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Electronic Flora of South Australia species Fact Sheet

Family: Leguminosae
Acacia melanoxylon


Citation: R. Brown in Ait.f., Hort. Kew, ed.2, 5:462 (1813).

Derivation: melas (Gr.), black; xylon (Gr.), wood.

Synonymy: Racosperma melanoxylon (R.Br.)Martius, Hort. Reg. Monac. Semin. (1835).

Common name: Blackwood

Large, symmetrical trees 8-15 m high to 30 m in moist gullies in eastern States and Tas., often with a distinct strong trunk before branching and forming a quite dense dull green canopy; branchlets minutely pubescent and angular but becoming glabrous and marked with light coloured ribs with age; bark dark grey-brown, hard and furrowed.

Phyllodes elliptical, lanceolate or oblanceolate, 6-14 cm long, 12-30 mm broad, straight or curved, sometimes falcate, more or less coriaceous, 3-5 prominent longitudinal veins with many finer reticulate veins between them, apex acute or obtuse, tapering towards the base; glands small on upper margin near base.

Inflorescences in axillary racemes much shorter than phyllodes, raceme axis hoary with 2-8 heads; flower-heads globular, pale yellow, 30-50-flowered; peduncles stout, hoary, 5-10 mm long; flowers 5-merous.

Legumes narrowly oblong, 4-12 cm long, 6-10 mm broad, flattish, curved, coiled and twisted, margins thickened, slightly constricted between seeds. Seeds longitudinal in legume; funicle thick, undulate, pinkish-red, encircling the seed in a double fold.

Distribution:  Blackwood has a limited distribution in S.Aust. being found only in the high rainfall areas of the Northern and Southern Lofty, and South-Eastern regions: there is a small local occurrence near Wirrabara in the Flinders Ranges region (southern part). This species is found in woodland or open forest associated with Eucalyptus obliqua and E. baxteri and prefers cool moist situations of valleys and flats. Soils: sandy, alkaline, yellow duplex, hard acidic yellow duplex and grey-brown calcareous earths. Rainfall 500-1 000 mm. Also Qld, N.S.W., A.C.T., Vic. and Tas.

S.Aust.: EP, NL, MU, SL, KI, SE.

Conservation status: This species is considered by Lang & Kraehenbuehl (1987) to be Inadequately known in its outlying stands.

Flowering time: August — October.

SA Distribution Map based
on current data relating to
specimens held in the
State Herbarium of South Australia

Biology: No text

Related taxa: Often confused with Acacia implexa Benth. which can be distinguished by its glaucous branches, its phyllodes more attenuated at base and its funicle not encircling the seeds. A. implexa occurs in Qld, N.S.W., A.C.T., Vic., not S.Aust.

Taxonomic notes: Seed and phyllode variation in blackwood was studied intensively by Farrell & Ashton (1978). Phyllodes tend to be smaller and more symmetric in the drier-inland areas. The largest phyllodes were found in south-west Victoria (probably extending into the far southeast of South Australia). Some differences in seed size were found but were not clearly related to environmental conditions.

The role of fire was important in the ecology of the species which regenerates freely from soil-stored seed after fire or when the soil is exposed or disturbed. Some evidence was found that soil-stored seed is viable for at least 50 years.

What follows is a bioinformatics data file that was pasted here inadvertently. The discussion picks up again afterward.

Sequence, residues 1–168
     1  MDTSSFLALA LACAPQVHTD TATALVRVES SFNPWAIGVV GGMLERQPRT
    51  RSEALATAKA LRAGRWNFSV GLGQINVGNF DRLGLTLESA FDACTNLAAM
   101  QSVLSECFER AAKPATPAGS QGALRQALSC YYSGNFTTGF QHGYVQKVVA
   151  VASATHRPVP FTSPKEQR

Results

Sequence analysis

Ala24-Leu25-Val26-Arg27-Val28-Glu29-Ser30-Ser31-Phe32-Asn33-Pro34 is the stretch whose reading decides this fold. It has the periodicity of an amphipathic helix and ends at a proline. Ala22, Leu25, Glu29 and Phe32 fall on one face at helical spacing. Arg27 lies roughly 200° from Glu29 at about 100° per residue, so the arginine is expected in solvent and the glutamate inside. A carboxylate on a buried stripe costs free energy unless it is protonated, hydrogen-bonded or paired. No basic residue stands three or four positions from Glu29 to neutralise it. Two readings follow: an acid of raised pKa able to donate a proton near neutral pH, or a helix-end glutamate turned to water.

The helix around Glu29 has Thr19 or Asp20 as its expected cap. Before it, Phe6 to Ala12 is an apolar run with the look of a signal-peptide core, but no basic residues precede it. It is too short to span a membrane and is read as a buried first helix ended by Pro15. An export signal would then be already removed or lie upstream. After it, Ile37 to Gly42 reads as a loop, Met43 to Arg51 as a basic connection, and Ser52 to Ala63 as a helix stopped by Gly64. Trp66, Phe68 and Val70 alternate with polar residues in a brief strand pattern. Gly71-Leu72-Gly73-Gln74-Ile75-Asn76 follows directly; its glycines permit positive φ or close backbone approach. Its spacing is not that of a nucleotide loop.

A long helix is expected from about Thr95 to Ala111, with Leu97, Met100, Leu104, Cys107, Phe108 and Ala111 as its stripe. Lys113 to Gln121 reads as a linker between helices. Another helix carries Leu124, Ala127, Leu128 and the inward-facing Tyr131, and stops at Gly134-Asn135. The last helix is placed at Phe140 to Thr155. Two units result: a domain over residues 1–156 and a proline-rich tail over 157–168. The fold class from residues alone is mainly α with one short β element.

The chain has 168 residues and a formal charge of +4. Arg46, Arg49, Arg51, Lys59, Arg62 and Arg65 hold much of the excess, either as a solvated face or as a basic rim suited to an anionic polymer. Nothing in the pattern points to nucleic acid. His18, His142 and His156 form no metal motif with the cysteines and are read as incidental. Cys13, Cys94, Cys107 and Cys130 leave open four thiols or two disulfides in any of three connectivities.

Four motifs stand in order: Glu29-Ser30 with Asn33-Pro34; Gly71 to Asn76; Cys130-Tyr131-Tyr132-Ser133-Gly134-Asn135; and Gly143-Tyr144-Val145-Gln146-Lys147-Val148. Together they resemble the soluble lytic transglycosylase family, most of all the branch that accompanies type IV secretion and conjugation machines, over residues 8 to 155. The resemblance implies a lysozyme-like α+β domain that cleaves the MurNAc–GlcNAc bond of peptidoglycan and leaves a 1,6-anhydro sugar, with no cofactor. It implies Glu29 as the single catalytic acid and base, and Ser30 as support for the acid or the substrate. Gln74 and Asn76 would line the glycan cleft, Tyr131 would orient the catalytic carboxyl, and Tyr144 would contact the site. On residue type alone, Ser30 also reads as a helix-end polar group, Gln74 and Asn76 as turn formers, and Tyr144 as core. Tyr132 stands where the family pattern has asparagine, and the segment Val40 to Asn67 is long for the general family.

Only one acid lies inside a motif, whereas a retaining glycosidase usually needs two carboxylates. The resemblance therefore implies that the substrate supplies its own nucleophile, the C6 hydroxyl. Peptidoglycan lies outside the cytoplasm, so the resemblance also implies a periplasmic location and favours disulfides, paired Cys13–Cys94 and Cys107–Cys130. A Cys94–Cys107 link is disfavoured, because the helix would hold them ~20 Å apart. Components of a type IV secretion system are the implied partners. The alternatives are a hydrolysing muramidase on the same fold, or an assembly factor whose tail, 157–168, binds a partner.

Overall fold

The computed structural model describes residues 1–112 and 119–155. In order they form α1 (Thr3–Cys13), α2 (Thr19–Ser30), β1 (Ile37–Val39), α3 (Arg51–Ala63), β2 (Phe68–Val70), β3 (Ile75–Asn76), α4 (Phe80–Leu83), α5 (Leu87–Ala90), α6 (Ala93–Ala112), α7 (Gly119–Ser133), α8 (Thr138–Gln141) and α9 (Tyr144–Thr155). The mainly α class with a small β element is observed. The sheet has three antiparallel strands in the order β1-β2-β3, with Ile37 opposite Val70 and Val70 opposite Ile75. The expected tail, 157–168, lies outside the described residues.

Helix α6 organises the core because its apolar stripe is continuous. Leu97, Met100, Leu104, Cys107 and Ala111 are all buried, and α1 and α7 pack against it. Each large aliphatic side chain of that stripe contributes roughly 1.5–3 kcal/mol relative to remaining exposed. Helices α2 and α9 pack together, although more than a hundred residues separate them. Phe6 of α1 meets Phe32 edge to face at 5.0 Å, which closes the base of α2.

The pods from northern populations (i.e. Qld) tend to be smaller and more convoluted. The late development of the phyllode of blackwood after the juvenile pinnate leaf phase is well known. Seedling populations from 17 sites but not including a South Australian sample were tested under uniform conditions. The onset of phyllode development after the juvenile phase ranged from 2 months to 7 months. Significant differences between populations were correlated with the wide range of climatic variables. Phyllodes were produced more rapidly on populations from drier sites, and the relative size of the bipinnate leaf was related to the site rainfall.

The cell structure and morphology of the phyllode of A. melanoxylon was studied by Boke (1940). The finer details are not relevant here. He concluded that Acacia phyllodes are homologous with the petiole-rachis of a pinnate leaf.

A. melanoxylon has been popular as an ornamental timber. The heartwood is attractively coloured, strong, close-grained, dresses well and is widely used for furniture and cabinet work. However trunks are often limited in size and supply as almost all the larger trees have now been removed. It also makes a good fuel.

Three mistletoes have been recorded on A. melanoxylon. There is a single record of Lysiana exocarpi and many more, but almost equal, numbers of Amyema preissii, wire-leaved mistletoe and Amyema pendulum, drooping mistletoe, more often found on Eucalyptus.

A. melanoxylon has been very successful in South Africa, Ross (1975) where it is now established in several provinces. Like A. cyclops and A. saligna it is also invading and displacing indigenous vegetation. It is locally established in southern Europe and occasionally established in California. A. melanoxylon is now naturalised in New Zealand, Webb et al. (1988).

A. melanoxylon is included in Boland et al. (1984) 'Forest Trees of Australia' where a description, illustration and a map are given.

Two trees of A. melanoxylon in cultivation in the Waite Arboretum lived for 30 and 32 years.

Cultivation: An attractive tree with a dense crown and shapely habit suitable as an ornamental and as a shade tree in cool mountainous climates where the soil is rich, loamy and acid. Blackwood has also been planted in a number of overseas countries. A moderate growth rate.

Author: Not yet available


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